I was also thinking about the kraft paper cores for hollow core wood doors, IKEA shelves, etc. ... but it isn't always hexagons. This guy knows what I'm talking about... 

Mar 27, 21 1:05 am  · 
1  · 
midlander

right unless it's extruded or cast obviously triangular infill strips are easier to make

Mar 27, 21 9:32 am  · 
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midlander

The AIA was headquartered in a hexagon house for many years and still uses the building. The irregular hexagon plan was more about fitting an odd shaped lot than structural efficiency though. And for obscure reasons it is given the misnomer of Octagon House - I guess there were no geometry consultants available at that time.


https://en.m.wikipedia.org/wiki/The_Octagon_House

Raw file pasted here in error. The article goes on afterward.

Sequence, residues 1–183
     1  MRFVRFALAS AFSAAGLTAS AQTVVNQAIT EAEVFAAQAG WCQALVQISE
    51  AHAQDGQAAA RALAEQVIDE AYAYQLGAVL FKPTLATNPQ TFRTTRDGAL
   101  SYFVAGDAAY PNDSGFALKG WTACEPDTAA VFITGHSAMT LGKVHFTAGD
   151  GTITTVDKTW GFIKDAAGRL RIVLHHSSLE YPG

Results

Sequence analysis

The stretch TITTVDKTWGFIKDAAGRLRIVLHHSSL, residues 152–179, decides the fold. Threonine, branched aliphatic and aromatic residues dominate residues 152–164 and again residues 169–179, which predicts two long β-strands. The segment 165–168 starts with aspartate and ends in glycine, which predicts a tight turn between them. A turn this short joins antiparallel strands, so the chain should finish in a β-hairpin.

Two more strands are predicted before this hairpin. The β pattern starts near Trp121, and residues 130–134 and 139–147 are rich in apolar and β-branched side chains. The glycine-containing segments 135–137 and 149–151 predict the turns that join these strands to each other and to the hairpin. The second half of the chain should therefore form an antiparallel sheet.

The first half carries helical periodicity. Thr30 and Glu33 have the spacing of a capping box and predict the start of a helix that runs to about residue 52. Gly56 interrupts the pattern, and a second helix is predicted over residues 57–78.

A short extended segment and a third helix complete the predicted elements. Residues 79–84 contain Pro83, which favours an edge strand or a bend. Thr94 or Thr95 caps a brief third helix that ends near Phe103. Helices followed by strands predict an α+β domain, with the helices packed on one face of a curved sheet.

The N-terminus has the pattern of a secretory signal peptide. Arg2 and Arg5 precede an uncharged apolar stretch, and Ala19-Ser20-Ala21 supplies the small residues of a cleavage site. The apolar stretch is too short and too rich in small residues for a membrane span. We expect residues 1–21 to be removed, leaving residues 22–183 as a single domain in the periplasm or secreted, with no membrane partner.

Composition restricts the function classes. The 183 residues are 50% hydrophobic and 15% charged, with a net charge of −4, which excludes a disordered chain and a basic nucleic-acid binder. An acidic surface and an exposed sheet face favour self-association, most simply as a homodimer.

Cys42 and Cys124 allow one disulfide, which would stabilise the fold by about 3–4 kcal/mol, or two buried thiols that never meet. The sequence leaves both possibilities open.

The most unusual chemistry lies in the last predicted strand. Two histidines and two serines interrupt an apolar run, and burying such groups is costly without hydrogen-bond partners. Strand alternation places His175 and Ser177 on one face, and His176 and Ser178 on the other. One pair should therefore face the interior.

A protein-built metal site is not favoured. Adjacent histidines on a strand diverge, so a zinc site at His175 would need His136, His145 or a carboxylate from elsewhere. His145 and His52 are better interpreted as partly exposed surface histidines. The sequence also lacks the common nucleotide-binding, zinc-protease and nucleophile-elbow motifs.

Mar 26, 21 11:39 pm  · 
1  · 
midlander


i realized as i posted that i am looking at this lol

Mar 27, 21 12:49 am  · 
1  · 
JLC-1

ye old fllw

Mar 27, 21 10:27 am  · 
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JLC-1

this

Mar 27, 21 10:28 am  · 
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JLC-1

I wasn't drunk, just couldn't attach the images from the phone

Wright Chat :: View topic - Tracing the designs of 4 basic chairs |  Hexagonal architecture, Wright, Hanna house

Photo 22 of 23 in This Recently Listed Frank Lloyd Wright Home Is a  Refreshing Blend of Old and New - Dwell

Mar 28, 21 1:13 pm  · 
1  · 
natematt

https://archinect.com/news/art...

Mar 27, 21 3:19 pm  · 
 ·  1
Koww

triangles are the best

Mar 30, 21 2:43 am  · 
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t a z

NASA likes hexagons:

https://www.jwst.nasa.gov/cont...

So does FREE (Soumaya Museum):

Mar 30, 21 10:33 am  · 
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archanonymous

Soumaya is the most hackneyed piece of shit building I've ever experienced.

Mar 30, 21 10:59 am  · 
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x-jla

the shipping container is the most efficient shape.  



Mar 30, 21 9:24 pm  · 
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randomised

very efficient shape indeed ;-)


Mar 31, 21 4:04 am  ·